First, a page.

Seismological bases of the Tehran University's Geophysics Institute said the tremor hit at 11:52 a.m. (0822 GMT).
Poldokhtar or 'The Bridge of the Girl' in Persian and the neighboring villages have shaken by a dozen earthquakes since last week, with the strongest temblor reported at 4.9 degrees in intensity.
According to the head of the provincial Natural Disasters Department, at least 10 people were slightly injured in the quakes.
The quakes further damaged 1,100 houses in villages and 900 houses in cities with the extent of damages ranging between 10 and 100 percent, according to Ali Barani.
Quakes in quick successions have triggered a flurry of panic among local residents, with many having had to stay away from their homes at nights, sometimes in wet weather and freezing temperatures.
Iranians are still haunted by harrowing images of the world's worst disaster in 2003, in which more than 41,000 people were killed in the ancient city of Bam.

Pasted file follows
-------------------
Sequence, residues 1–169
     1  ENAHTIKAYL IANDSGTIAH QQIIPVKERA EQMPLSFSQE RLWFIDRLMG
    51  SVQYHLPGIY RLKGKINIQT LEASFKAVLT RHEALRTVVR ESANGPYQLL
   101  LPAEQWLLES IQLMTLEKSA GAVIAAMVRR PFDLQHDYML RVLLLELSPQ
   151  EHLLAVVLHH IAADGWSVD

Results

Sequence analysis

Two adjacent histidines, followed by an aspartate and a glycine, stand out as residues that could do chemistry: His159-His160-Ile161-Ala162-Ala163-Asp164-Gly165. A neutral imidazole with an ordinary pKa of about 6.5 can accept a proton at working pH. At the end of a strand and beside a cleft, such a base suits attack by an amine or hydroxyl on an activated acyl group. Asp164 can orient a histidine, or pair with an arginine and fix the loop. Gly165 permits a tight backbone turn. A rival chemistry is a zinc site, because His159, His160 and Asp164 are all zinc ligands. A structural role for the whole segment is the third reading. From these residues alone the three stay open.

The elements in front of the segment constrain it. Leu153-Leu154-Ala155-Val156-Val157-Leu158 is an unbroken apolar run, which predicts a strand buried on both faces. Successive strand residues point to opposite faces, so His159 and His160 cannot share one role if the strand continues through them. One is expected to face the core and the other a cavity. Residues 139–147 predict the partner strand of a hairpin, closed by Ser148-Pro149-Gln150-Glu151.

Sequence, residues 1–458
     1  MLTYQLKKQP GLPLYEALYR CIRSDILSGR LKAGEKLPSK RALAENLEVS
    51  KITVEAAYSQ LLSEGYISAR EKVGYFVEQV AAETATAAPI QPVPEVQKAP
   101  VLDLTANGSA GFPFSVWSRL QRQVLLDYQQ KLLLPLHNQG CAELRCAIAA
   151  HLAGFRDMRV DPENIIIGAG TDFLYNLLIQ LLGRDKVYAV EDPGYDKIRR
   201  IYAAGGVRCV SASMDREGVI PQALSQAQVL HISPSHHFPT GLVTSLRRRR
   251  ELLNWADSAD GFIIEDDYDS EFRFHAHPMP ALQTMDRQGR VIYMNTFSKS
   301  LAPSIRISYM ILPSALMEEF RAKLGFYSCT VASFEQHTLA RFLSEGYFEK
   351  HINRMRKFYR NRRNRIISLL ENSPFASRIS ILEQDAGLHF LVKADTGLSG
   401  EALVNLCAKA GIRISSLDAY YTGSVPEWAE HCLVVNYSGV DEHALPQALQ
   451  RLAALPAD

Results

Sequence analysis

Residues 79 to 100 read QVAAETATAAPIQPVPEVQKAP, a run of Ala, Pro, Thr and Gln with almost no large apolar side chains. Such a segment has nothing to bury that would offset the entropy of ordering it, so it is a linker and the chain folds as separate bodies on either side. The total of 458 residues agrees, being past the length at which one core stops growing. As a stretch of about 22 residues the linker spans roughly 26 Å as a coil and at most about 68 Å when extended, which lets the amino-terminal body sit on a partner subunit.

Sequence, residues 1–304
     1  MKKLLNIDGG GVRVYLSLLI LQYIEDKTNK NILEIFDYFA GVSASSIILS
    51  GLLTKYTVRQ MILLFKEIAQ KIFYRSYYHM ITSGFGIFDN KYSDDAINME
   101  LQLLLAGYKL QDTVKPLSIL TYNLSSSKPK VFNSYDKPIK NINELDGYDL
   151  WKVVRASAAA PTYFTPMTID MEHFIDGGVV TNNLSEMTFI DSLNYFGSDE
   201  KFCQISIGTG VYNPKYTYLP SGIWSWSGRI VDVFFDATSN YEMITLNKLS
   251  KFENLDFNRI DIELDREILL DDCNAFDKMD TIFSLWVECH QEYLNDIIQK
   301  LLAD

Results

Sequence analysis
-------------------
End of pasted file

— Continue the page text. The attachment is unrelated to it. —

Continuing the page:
According to the Zurich-based Swiss Re, the earthquake in Bam on December 26 was the fourth largest in terms of victims since 1970. The third largest was the quake in Gilan, northern Iran, which left 50,000 dead in 1990.
The quake sent shudders across the Iranian capital -- a city of about 14 million -- which, some experts warn, can suffer in million if it is struck by a strong tremor.
They have warned that most of the buildings in the sprawling Iranian capital would hardly withstand a strong tremor, blaming builders.
Last week, Iran admitted that poor enforcement of building regulations had added to the death toll from the country's regular devastating earthquakes.
"Our country is likely to have natural disasters but our people do not deserve these losses because of mismanagement before the earthquakes occur," Interior Ministry Abdolvahed Mousavi-Lari was quoted as saying.
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